Stop droning on, New York Times is told

The New York Times editors must be gritting their teeth knowing that public editor Margaret Sullivan is going to be yapping at them for the next 22 months. Not that there's much to compete with, but she's the best thing that has happened to American journalism in quite a while. Today she whacks the paper for its tepid coverage of the biggest scandal of the Obama administration: The unaccountable, immoral and counter-productive drone war:

Americans, according to polls, have a positive view of drones, but critics say that’s because the news media have not informed them well. The use of drones is deepening the resentment of the United States in volatile parts of the world and potentially undermining fragile democracies, said Naureen Shah, who directs the Human Rights Clinic at Columbia University’s law school.

“It’s portrayed as picking off the bad guys from a plane,” she said. “But it’s actually surveilling entire communities, locating behavior that might be suspicious and striking groups of unknown individuals based on video data that may or may not be corroborated by eyeballing it on the ground.”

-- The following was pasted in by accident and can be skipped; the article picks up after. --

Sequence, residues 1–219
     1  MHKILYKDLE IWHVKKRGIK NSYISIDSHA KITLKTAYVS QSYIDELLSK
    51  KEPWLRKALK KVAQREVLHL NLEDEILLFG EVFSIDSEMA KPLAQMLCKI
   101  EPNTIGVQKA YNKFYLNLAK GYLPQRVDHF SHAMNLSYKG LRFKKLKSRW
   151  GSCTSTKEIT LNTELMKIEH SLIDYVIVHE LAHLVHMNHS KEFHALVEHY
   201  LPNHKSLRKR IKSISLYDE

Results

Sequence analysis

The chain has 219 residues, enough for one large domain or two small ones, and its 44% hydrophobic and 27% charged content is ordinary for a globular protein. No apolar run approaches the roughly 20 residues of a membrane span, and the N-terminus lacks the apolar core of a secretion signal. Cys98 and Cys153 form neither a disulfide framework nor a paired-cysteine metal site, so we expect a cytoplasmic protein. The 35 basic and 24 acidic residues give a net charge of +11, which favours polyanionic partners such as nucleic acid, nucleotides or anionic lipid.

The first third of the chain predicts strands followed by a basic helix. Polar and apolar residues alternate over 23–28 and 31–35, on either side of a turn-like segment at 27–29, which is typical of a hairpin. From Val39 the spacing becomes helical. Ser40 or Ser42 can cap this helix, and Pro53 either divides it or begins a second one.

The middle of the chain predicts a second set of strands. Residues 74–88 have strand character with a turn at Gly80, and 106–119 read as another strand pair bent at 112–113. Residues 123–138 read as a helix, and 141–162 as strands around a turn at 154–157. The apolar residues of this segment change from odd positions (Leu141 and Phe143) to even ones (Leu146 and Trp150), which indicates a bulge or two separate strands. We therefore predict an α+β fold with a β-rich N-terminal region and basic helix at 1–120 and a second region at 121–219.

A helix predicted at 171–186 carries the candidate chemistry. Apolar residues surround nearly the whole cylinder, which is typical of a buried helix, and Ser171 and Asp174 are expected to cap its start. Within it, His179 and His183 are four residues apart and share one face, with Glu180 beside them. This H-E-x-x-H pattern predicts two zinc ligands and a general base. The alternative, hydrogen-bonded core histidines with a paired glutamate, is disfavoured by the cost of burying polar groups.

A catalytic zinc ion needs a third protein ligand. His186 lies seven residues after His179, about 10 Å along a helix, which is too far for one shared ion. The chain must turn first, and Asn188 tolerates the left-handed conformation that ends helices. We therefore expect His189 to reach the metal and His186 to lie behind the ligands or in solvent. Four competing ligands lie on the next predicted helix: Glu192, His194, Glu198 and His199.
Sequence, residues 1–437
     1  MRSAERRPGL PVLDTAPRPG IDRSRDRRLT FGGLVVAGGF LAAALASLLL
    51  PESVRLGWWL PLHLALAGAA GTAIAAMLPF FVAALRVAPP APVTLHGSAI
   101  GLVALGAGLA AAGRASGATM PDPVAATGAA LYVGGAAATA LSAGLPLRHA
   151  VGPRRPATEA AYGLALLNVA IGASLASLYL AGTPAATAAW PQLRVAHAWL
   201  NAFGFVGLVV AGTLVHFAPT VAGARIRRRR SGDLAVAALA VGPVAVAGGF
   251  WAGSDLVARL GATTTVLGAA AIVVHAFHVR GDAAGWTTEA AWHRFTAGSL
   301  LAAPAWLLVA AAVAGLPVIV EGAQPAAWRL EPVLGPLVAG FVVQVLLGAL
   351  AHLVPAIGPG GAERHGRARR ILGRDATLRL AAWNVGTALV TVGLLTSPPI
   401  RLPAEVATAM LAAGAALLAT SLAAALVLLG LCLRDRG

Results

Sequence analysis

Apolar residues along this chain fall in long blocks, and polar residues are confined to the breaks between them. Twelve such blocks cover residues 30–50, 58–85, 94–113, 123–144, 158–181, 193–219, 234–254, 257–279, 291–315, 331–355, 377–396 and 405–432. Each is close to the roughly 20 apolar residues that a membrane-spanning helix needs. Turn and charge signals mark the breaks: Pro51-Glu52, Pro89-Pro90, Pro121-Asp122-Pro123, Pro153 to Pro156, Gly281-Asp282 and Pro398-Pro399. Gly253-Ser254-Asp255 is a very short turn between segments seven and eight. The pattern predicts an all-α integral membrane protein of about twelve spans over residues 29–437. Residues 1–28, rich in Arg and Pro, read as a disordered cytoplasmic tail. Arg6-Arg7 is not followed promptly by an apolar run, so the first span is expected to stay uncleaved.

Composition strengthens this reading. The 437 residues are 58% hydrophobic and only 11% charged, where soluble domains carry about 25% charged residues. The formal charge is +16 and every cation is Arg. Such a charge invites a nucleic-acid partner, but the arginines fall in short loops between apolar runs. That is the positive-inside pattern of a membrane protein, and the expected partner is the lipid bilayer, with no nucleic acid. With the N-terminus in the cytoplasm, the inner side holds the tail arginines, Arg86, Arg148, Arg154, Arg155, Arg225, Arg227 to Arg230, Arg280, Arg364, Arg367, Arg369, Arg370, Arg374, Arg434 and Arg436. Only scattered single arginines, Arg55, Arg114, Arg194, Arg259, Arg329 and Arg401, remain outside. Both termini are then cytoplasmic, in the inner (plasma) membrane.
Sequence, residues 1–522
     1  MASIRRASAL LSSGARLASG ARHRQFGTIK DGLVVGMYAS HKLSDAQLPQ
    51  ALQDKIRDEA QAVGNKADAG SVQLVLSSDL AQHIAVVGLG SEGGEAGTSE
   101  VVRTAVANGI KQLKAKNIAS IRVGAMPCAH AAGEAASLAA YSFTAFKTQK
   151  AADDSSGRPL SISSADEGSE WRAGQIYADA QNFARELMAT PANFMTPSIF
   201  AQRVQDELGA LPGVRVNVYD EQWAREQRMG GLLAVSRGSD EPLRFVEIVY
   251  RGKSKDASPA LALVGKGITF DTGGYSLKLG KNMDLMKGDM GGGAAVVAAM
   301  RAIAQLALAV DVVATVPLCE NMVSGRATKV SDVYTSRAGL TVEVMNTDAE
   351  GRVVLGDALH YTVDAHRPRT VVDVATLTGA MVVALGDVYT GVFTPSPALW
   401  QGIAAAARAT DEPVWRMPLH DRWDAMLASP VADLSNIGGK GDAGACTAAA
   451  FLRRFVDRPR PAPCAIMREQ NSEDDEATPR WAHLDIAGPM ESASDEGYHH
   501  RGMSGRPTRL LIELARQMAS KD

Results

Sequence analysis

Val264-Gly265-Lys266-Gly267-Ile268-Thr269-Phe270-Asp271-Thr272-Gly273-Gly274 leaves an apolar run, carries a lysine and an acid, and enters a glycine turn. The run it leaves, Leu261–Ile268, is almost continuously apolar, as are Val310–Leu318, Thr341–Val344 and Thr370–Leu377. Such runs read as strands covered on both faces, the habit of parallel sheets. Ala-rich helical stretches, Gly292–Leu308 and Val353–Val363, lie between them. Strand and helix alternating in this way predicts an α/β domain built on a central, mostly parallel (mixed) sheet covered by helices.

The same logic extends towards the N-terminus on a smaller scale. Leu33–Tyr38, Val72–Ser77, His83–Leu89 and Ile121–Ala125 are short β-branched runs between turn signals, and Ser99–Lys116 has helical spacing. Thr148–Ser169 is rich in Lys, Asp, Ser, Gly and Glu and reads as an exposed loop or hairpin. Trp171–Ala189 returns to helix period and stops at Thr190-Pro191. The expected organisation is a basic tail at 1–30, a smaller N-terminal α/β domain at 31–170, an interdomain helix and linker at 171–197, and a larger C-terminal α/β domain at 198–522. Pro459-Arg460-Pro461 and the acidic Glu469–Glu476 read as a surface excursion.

On Sunday, Ms. Shah’s organization will release a report that raises important questions about media accuracy on drone strikes. But accuracy is only one of the concerns that have been raised about coverage of the issue.

“It’s very narrow,” said David Rohde, a columnist for Reuters who was kidnapped by the Taliban in 2008 when he was a Times reporter. “What’s missing is the human cost and the big strategic picture.”

She also thinks the "Paper of Record" is dropping the ball on Libya